Did Bismarck sink in a sea of coloured water?

The answer is NO, but what’s interesting is that if she had made her ill-fated breakout into the Atlantic a year later, she might have been. By then, if the same ships had intercepted her they would have been carrying red (HMS Rodney) and yellow (HMS King George V) dyed shells.

The French had developed naval shells with dyes after the First World War. The idea was that in a multi-ship engagement their ships could each identify their own fall of shot from the coloured splashes.

In 1939 their ‘Dispositif K’ dyed shell technology was passed to the British and ‘K shells’ were introduced to the Royal Navy from late 1942.¹

Meanwhile the Imperial Japanese Navy (IJN) had also introduced dyed shells and the US Navy started developing their own dyed shells.

Coloured diagram of 8" shell with dye packages
A British 8″ AP K-shell with dye packs
(Image: War Office, public domain)

It appears dyed shells were mostly large calibre and generally used only by capital ships. They wouldn’t be used at night, obviously, and were only needed when more than one capital ship was firing. Later, radar tracking made dyed shell technology obsolete.

So, where and when were they actually used?

The best known event was the engagement off Samar during the Battle of Leyte Gulf in Oct 44, when the IJN ‘Centre Force’ comprising 4 x battleships (Yamato, Haruna, Nagato and Kongō), 6 x heavy cruisers, 2 x light cruisers and 11 x destroyers, caught the US 7th Fleet’s three escort carrier groups entirely by surprise and unprotected. In a heroic YOLO* charge, the destroyer USS Johnston took on the heavy cruisers with her torpedoes & guns and was bracketed by multi-coloured fire from them and the nearby battleships. The same happened to the other US destroyers who followed her example.

Returning to the Bismarck, there is some suggestion¹ Bismarck’s victim, HMS Hood, saw dyed shells being used when she attacked the Vichy French Navy at Mers-el-Kébir (Oran) in July 1940. The 7.6″ guns of the French battery on the heights at Djebel Santon started shelling Hood’s destroyer escorts with coloured shells.

Since nearly all the old photos & film footage from WW2 are in B&W, there is no photographic evidence of dyed shells in use, but there are reports of ships and crew under fire, being covered in red & green dye from near misses.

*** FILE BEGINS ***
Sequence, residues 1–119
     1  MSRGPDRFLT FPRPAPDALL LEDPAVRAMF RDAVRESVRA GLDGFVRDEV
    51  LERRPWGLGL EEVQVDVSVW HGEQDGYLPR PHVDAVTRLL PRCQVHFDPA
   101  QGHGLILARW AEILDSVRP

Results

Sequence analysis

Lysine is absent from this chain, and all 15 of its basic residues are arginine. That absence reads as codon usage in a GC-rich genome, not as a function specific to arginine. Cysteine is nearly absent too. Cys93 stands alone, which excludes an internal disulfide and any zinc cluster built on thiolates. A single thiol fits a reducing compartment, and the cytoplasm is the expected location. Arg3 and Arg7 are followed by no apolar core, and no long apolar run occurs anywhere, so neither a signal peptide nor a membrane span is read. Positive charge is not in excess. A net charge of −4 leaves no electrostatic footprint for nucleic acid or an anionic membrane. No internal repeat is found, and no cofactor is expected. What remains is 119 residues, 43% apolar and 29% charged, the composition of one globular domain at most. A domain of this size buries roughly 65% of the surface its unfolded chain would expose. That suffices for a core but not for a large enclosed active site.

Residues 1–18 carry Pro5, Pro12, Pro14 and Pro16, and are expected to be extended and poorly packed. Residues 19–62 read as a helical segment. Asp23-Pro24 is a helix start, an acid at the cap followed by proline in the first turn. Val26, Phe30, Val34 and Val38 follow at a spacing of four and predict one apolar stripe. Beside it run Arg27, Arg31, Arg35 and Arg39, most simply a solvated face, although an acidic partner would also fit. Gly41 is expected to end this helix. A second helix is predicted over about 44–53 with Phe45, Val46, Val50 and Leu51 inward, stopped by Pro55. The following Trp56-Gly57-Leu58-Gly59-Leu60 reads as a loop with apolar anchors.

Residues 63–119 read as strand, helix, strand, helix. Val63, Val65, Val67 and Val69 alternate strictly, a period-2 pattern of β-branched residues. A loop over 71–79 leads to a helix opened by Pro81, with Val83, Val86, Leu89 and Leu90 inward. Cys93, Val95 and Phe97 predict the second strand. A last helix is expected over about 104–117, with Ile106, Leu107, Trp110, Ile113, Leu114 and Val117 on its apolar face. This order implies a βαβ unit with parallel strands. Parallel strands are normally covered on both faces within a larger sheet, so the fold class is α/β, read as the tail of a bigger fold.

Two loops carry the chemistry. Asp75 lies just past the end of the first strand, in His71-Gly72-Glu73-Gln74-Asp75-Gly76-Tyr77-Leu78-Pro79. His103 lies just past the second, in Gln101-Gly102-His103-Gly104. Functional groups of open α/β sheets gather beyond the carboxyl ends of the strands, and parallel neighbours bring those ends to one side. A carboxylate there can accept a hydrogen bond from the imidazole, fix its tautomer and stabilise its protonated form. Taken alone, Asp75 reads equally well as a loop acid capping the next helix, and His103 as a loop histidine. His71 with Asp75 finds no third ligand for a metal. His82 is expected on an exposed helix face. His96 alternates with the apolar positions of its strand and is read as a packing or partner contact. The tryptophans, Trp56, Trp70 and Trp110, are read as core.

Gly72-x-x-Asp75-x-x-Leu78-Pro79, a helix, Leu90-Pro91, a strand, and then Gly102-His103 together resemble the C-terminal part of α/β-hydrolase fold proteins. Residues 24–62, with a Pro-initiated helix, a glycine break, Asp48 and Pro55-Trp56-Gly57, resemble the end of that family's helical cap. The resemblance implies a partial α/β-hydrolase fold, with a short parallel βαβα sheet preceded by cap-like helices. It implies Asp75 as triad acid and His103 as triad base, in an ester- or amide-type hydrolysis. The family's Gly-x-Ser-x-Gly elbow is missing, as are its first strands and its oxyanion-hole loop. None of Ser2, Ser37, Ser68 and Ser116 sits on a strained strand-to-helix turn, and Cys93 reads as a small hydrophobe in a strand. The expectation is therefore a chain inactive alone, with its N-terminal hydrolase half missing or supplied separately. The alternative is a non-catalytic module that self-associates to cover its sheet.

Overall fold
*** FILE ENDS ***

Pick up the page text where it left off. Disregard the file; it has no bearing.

You can see the K shells in the feature image at the National Museum of the Royal Navy’s ‘Explosion’ museum of naval firepower at Priddy’s Hard, Gosport.

If you have any extra intel on this subject, please add it in the comments. In particular, two unanswered questions: Did the Kriegsmarine, or the Regia Marina, ever use coloured shells?


* Dyed shell allocations (as at, or before, the end of the war in 1946)

Royal Navy
HMS King George V 14″ Yellow
HMS Duke of York 14″ Green
HMS Anson 14″ White (IE no dye)
HMS Howe 14″ Red
HMS Queen Elizabeth 15″ Red
HMS Valiant 15″ Green
HMS Vanguard 15″ Yellow
HMS Renown 15″ No dye
HMS Rodney 16″ Red
HMS Nelson 16″ No dye
Imperial Japanese Navy
Yamoto 18″ Red
Hiei 14″ Black
Kirishima 14″ Blue
Haruna 14″ Green
Kongō 14″ Yellow
Nagato 16″ Orange
US Navy
USS New Mexico (BB-40) 14″ Green
USS Mississippi (BB-41) 14″ Orange
USS Idaho (BB-42) 14″ Blue
USS Tennessee (BB-43) 14″ No Dye
USS California (BB-44) 14″ No Dye
USS Nevada (BB-36) 14″ Orange
USS Pennsylvania (BB-38) 14″ Red
USS Colorado (BB-45) 16″ Orange
USS Maryland (BB-46) 16″ Blue
USS West Virginia (BB-48) 16″ No dye
USS North Carolina (BB-52) 16″ Green
USS Washington (BB-47) 16″ Orange
USS South Dakota (BB-59) 16″ Blue
USS Iowa (BB-61) 16″ Orange
USS New Jersey (BB-62) 16″ Blue
USS Missouri (BB-63) 16″ Red
USS Wisconsin (BB-64) 16″ Green
French Navy
Richelieu 15″ (380mm) Yellow
Jean Bart 15″ (380mm) Orange

** YOLO – You Only Live Once

¹ https://forum.axishistory.com/viewtopic.php?t=162349

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